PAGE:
Is the Order a Rabbit?

Alt title: Gochuumon wa Usagi desu ka?

TV (12 eps)
3.655 out of 5 from 3,824 votes
Rank #3,145
Is the Order a Rabbit?

Cocoa arrives in a new town in spring to start high school. She gets lost and pops into a coffee shop called "Rabbit House", which turns out to be where she will live. All the characters are so cute - tiny but cool Chino, soldierly Lize, gentle and Japanese Chiyo, sophisticated but down-to-earth Sharo. They are joined by Chino's class mates Maya and Megu, and a regular at the shop, Mr. Blue-Mountain Aoyama. Everything is so cute every day at Rabbit House!

Source: Crunchyroll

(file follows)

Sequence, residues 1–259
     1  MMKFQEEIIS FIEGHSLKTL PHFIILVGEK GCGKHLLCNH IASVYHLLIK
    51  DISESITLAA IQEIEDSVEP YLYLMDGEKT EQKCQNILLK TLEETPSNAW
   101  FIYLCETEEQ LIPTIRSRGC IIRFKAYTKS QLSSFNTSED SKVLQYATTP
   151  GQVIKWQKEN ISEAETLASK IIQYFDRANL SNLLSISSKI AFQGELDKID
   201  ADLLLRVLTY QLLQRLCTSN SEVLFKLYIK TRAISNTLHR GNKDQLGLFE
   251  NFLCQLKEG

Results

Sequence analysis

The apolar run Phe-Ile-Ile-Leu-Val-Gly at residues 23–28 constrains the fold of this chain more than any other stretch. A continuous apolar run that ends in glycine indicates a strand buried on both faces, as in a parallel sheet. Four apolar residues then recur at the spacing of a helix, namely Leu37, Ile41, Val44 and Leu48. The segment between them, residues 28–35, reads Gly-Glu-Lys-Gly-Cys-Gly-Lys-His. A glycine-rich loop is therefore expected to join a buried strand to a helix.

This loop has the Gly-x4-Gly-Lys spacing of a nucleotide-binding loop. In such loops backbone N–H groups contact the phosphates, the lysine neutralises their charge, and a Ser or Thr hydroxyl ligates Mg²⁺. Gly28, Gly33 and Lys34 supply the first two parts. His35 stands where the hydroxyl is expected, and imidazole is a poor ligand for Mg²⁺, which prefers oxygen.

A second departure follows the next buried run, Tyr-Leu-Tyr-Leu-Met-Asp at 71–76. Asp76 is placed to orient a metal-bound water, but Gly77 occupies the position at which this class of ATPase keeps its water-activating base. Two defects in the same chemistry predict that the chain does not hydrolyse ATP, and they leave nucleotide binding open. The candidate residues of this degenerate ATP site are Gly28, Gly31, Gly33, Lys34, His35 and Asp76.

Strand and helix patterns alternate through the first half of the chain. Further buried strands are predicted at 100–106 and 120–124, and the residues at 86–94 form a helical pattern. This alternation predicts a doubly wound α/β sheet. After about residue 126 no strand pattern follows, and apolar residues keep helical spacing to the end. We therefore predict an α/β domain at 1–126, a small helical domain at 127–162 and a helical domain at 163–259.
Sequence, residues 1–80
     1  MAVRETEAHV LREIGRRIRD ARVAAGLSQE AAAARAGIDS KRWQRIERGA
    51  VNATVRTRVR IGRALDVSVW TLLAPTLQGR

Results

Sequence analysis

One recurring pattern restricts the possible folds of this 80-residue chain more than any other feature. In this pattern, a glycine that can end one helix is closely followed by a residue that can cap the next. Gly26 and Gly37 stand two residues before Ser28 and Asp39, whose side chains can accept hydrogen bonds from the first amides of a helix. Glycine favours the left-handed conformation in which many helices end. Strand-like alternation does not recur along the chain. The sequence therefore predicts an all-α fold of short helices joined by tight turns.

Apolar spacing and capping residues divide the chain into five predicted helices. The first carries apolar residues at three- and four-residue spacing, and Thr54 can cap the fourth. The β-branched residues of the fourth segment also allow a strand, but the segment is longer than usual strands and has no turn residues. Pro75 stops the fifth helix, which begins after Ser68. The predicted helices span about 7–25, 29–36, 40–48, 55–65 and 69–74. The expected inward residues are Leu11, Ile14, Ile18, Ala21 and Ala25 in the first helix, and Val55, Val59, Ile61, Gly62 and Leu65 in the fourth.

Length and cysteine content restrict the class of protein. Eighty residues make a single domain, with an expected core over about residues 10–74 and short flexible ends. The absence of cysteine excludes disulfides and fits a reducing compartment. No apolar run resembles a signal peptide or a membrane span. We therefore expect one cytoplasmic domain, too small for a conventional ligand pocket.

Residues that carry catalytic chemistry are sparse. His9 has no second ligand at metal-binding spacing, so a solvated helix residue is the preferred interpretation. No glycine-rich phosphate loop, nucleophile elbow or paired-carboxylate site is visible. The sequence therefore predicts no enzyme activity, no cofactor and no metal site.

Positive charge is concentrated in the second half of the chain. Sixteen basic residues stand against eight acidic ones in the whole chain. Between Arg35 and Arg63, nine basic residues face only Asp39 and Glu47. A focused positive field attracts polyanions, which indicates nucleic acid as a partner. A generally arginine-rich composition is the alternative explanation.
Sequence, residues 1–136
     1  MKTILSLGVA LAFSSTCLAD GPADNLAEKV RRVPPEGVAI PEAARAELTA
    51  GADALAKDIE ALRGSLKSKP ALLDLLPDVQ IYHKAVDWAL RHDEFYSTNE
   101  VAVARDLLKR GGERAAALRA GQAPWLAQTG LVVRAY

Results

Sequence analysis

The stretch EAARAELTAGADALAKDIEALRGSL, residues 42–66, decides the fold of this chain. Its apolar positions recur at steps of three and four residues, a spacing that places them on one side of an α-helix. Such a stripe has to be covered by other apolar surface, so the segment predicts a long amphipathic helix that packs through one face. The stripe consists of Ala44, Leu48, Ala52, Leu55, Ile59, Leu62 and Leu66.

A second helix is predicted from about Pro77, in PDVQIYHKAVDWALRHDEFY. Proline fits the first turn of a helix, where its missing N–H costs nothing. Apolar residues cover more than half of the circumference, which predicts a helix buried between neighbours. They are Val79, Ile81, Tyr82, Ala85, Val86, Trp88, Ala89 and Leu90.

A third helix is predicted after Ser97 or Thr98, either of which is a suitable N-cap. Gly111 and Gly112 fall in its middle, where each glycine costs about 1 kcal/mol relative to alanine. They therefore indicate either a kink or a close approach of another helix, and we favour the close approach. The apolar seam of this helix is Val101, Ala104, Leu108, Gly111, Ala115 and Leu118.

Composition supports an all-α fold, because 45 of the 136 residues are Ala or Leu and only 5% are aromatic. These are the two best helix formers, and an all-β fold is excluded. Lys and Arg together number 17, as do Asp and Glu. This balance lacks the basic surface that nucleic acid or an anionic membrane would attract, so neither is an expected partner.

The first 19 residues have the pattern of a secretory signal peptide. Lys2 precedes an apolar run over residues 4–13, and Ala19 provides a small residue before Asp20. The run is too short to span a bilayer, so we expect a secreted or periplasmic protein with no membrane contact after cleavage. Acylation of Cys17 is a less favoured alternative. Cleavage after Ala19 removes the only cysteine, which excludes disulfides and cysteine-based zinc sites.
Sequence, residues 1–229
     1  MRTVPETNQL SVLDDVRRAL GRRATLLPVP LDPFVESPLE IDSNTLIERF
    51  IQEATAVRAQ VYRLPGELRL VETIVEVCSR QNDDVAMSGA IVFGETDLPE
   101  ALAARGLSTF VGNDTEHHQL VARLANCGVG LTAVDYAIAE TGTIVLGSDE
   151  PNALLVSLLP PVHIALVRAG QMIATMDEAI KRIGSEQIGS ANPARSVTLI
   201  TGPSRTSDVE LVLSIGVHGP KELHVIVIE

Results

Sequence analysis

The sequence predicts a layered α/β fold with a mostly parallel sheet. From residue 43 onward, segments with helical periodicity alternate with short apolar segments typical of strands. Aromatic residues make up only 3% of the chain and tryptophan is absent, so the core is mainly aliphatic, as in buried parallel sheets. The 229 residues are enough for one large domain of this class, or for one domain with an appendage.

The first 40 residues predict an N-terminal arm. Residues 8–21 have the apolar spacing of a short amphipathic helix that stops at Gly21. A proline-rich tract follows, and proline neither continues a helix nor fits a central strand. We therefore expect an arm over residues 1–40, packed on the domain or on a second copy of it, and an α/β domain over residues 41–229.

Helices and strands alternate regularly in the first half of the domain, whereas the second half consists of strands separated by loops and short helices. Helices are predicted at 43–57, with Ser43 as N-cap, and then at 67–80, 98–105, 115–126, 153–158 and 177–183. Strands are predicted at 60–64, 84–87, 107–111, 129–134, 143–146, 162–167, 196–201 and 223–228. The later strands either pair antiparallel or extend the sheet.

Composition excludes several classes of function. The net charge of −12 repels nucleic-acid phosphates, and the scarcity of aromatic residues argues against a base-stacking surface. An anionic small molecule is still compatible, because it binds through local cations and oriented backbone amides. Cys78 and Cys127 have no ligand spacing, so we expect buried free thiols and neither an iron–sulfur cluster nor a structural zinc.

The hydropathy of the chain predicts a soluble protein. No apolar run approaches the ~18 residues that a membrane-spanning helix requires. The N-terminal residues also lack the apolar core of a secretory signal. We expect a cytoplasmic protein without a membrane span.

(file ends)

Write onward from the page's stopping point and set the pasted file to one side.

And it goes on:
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White Fox bought us season one of Koi’s nine volume manga in anime form back in 2014. The whole thing is a relaxing life cleanser (“lyashikei”) from the universe-of-cute in which nothing ever bad happens. As such it is undemanding to the point of driving the audience into a coma. Nothing really happens and nothing is ever going to happen yet this got spun out for three seasons, one film and a game. So, it has to have something going for it. The story is set in a small German medieval town that has somehow been magically recreated in contemporary Japan. We can only guess that such places exist or is this just fantasy? It all forms a beautiful backdrop to a world in which rabbits seem to be a dominant theme. They are everywhere in this story. The story (for what it is worth) revolves around the lives of seven teenage girls and a couple of adults. Three of the girls are in middle school and the rest in high school. They all, at one time or another, work in one of three of the town’s cafes all of which have some kind of rabbit theme or motif. The central character is new girl Cocoa Hoto although she is by no means the most interesting character. The honour of most colourful individual actually goes to the military-obsessed tomboy Rize Tedeza who, despite her dominant persona, moonlights occasionally as her feminine alter-ego “Rose”. None of which makes much sense as the rest of the time she is either dressed in high school uniform of her waitress uniform both of which involve skirts. Between this and her wonderful long hair she sems to be a feminine as they come. Another quirky and unexplained part of the plot is the rabbit that lives at one of the cafes called “The Rabbit House”. The creature appears to be the reincarnated grandfather of one of the girls (Chino Kafu) but when he speaks the girls always assume it is Chino throwing her voice. Madness. So, you get the picture. It is all a big marshmallow The girls do fun things like dress as maids, go to Christmas Markets, do jigsaw puzzles, have sleep-overs, learn ballet, etc. Heck. This is not exciting yet neither is it in any way offensive. It is all very pleasant, like snuggling up in a duvet. It lacks flavour but makes up for it in colour. Despite the writer’s best efforts, the girl’s personalities all kinda merge into one where it is hard to tell them apart (with the possible exception of Rize). The characters lack diversity but it seldom matters. They are visually different. You watch it for the cute and stay for the cute. It is CUTE with a capital “C”. This is planet-Kawaii so strap in and let the whole darn thing wash over you like a pleasantly incensed waft of warm air on a winter’s evening. Don’t expect too much in the way of fan service nor expect many of the usual tropes in season one. No beach scenes or high school culture festivals yet the girls are fond of baths. It is good clean fun (pun intended) with only the very occasional mention of bunny girls despite the obvious inferences throughout the story. Family entertainment through and through. Difficult not to like but hard to really love. Anime chewing gum.

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